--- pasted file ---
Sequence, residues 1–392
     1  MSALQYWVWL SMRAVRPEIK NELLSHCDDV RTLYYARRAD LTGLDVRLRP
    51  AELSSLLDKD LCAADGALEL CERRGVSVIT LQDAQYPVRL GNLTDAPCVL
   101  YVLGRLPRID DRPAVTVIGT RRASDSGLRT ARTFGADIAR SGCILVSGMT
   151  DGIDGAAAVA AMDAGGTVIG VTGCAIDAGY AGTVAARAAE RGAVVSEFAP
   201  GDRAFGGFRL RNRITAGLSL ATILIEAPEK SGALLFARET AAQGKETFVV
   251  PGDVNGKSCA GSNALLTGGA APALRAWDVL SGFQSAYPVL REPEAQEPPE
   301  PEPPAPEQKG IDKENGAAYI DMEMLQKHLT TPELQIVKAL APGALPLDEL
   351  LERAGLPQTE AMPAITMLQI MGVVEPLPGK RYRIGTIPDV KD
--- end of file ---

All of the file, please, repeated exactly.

Sequence, residues 1–392
     1  MSALQYWVWL SMRAVRPEIK NELLSHCDDV RTLYYARRAD LTGLDVRLRP
    51  AELSSLLDKD LCAADGALEL CERRGVSVIT LQDAQYPVRL GNLTDAPCVL
   101  YVLGRLPRID DRPAVTVIGT RRASDSGLRT ARTFGADIAR SGCILVSGMT
   151  DGIDGAAAVA AMDAGGTVIG VTGCAIDAGY AGTVAARAAE RGAVVSEFAP
   201  GDRAFGGFRL RNRITAGLSL ATILIEAPEK SGALLFARET AAQGKETFVV
   251  PGDVNGKSCA GSNALLTGGA APALRAWDVL SGFQSAYPVL REPEAQEPPE
   301  PEPPAPEQKG IDKENGAAYI DMEMLQKHLT TPELQIVKAL APGALPLDEL
   351  LERAGLPQTE AMPAITMLQI MGVVEPLPGK RYRIGTIPDV KD